UPDATE

I have written a follow-up post about the implementation considerations for POST overload that I recommend reading as well.

ASP.NET MVC Route Testing with HTTP Verbs

I’ve started RESTful ASP.NET MVC from scratch and I am test-driving it. Writing code without tests is ok for proofs of concept but as I was planning on continually adding to the project I felt I had to start again and make sure everything was tested. As part of the process I was looking to test my routing rules. I used Phil Haack’s route testing helper as a starting point but I think I’ve customised it enough to warrant a post.

The first thing I did was change his static method into an extension method. However, my routes were also dependant upon the HTTP verb used so I had to add that in on top. I also needed to check that a route wouldn’t be matched for the same reason as a URI which is valid for a GET may not be valid for a POST.

My route test helper and an example of it in action from the test-driven branch of restful-aspmvc.

Related posts

RESTful ASP.NET MVC

This is the first in what could be a series of posts on how to modify the internals of ASP.NET MVC in order to make it work in a more RESTful manner. If you want to work with a RESTful web framework built on .NET today then I recommend using OpenRasta.

The reason I’m doing this is two-fold:

  1. I want to learn more about REST beyond the theory and I learn more by doing.
  2. Sometimes it’s impossible to convince people to use an open source framework like OpenRasta, but customising stuff produced by Microsoft is much better received. I hope this will help other people write more RESTful sites whilst using Microsoft-based frameworks.

All the code I will be referring to is available on the restful-aspmvc project page. At the time of writing this the code was on revision 3, so if you are reading this later on there my be some inconsistencies.

The inspiration

I wanted to be able to use RESTful URLs like those available in Ruby on Rails. These work by selecting the controller action through the use of the URL and the HTTP verb.

GET /users/               UsersController.Index()
POST /users/              UsersController.Create()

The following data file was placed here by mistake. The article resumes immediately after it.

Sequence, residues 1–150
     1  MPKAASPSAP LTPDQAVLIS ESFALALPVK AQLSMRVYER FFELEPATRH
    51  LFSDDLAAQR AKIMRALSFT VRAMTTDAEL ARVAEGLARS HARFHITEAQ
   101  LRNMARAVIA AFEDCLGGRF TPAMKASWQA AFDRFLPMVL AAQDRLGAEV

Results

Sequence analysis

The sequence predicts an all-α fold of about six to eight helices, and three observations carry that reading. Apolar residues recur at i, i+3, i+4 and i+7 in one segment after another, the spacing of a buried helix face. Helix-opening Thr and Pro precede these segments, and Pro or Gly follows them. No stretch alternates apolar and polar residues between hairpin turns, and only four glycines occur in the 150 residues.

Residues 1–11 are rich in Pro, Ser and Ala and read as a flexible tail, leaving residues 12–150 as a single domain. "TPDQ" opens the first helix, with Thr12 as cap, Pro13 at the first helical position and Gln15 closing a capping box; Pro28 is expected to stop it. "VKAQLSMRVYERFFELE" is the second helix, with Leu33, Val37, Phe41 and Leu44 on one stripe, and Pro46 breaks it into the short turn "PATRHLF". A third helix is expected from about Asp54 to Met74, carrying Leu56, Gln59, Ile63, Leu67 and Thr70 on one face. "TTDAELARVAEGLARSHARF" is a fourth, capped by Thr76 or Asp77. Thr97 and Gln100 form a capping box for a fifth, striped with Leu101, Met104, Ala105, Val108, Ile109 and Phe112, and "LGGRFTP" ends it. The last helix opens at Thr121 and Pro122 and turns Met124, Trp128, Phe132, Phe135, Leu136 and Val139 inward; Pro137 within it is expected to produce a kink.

GET /users/{id}           UsersController.Show(id)
PUT /users/{id}           UsersController.Update(id)
DELETE /users/{id}        UsersController.Destroy(id)

I then wanted to allow you to create different views of the resources by specifying other actions that can only use the GET verb like so:

GET /users/{action}       UsersController.{Action}()
GET /users/{id}/{action}  UsersController.{Action}(id)

The implementation

The above routes are achieved through these route mappings: listing on Google code

The next problem was to map to the different actions according to the URL and the HTTP verb. As web browsers only support GET and POST this requires a technique known as overloading POST. I tried doing this in a couple of ways, firstly by including the required HTTP verb in the URL:

/users/{id}?verb=DELETE

However, I found this quite ugly. As we are overloading POST, there will always be a form involved, therefore I’ve specified the required verb (where necessary) with a hidden form field:

<form method="post" action="/Users/2">
<input value="DELETE" type="hidden" name="_verb" />
<p>
<input value="Delete" type="submit" />
</p>
</form>

Now the verb is specified in the form, we have our URLs working we now need to act on this information. For that I have used a customer controller factory (Google code listing).

There’s a fair bit of code to include directly into a blog post so I’ll explain the general flow to you and if you’re interested in the implementation you can have a look at the listing.

  1. When the controller is created we use the default implementation to retrieve the controller and give it a custom action invoker to use.
  2. When the action is invoked we first check if the verb being used is a POST, if it is we check the form for an override. If one exists we change what we think the HTTP verb is to the one passed.